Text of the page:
Jesus manifestly claims supreme divinity when he says to Philip, "He that hath seen me hath seen the Father." John 14:9. That is, seen the Father so far as he can be seen by mortals. Jesus was the human personation of the invisible God. As the soul, which is not discerned in itself, is discovered by what it (84. May not his humanity be denied with equal propriety? Why does Christ speak of himself with a double mode? What is the error men fall into concerning Christ?) does through the body, so he sees the Father only as he sees him in the Son. John 1:18. He incidentally assumes equal rank with the Father by the use of the pronouns WE and US, which it would be the height of presumption for a creature to use. John 14:23; 17:21-22.

          The scriptures urged against this doctrine are John 14:28, "My Father is greater than I." In his mediatorial office, being sent, he was inferior to the Father, who sent him. Jesus refers not to his nature but to his office. Jesus in these very words implies that there is, in some sense, a divine equality, for what man would say, "God is greater than I."?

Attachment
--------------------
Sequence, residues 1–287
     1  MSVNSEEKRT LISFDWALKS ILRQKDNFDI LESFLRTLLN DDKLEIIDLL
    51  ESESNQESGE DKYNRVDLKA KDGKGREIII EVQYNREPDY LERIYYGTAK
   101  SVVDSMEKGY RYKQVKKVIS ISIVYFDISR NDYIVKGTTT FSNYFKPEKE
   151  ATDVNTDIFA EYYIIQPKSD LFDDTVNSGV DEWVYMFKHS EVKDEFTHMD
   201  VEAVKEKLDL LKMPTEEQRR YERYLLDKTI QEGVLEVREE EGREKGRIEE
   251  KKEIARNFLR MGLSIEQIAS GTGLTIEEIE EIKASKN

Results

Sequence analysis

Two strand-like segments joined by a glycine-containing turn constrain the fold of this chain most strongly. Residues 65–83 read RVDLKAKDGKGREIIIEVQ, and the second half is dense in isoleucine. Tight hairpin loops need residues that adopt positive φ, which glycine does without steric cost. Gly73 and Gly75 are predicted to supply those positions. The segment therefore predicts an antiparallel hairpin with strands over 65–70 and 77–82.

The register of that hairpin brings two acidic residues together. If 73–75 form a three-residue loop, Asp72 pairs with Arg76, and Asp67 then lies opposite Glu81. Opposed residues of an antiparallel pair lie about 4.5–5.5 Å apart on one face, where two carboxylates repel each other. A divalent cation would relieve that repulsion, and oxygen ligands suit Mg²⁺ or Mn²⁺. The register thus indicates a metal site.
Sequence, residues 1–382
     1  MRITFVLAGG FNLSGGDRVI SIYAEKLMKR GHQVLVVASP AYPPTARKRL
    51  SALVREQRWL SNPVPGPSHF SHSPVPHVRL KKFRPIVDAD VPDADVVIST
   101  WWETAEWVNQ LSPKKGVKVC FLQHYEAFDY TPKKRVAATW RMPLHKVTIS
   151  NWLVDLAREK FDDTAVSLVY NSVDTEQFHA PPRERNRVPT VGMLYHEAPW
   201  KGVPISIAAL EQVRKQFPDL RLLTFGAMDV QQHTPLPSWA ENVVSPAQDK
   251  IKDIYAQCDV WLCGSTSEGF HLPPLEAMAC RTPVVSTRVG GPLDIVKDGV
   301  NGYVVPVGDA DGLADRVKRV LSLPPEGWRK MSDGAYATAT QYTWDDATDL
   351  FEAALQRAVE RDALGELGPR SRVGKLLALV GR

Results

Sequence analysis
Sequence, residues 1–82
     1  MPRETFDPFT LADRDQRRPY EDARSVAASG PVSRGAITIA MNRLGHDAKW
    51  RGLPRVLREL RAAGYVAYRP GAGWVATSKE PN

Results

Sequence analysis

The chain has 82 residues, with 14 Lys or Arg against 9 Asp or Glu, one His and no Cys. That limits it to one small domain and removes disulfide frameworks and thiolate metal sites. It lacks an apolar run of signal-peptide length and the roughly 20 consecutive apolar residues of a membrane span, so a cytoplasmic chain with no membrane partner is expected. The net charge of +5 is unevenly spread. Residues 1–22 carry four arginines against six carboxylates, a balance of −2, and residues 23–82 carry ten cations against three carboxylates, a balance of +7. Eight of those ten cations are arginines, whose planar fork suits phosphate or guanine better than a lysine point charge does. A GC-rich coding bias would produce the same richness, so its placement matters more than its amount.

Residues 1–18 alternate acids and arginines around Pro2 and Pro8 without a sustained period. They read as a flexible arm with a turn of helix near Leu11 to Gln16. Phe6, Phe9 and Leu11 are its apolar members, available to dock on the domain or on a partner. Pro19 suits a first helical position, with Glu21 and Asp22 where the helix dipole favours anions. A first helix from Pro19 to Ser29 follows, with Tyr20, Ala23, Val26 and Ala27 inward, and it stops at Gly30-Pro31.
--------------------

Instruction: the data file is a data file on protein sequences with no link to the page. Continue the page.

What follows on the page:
Another scripture is Mark 10:18. Here the Unitarian is in this dilemma-either, "There is none good, but God; Christ is good: therefore he Is GOD;" or, "There is none good but God: Christ is not God; therefore he IS NOT GOOD." In view of Christ's many claims to be God, he either is God or not a good man. Hence they who begin by denying Christ's supreme Deity, logically end by assaulting his moral integrity.

          In Mark 13:32, his ignorance of the day and hour of the coming of the Son of man does not disprove his Divinity, since it may have been (85. Explain three scriptural.) a part of his humiliation in his mediatorial office that this matter was hidden from him. His prayers to the Father do not argue an essential inferiority. He could not be a perfect example for us without piety, and he could not evince his piety without prayer, praise, and worship to his heavenly Father.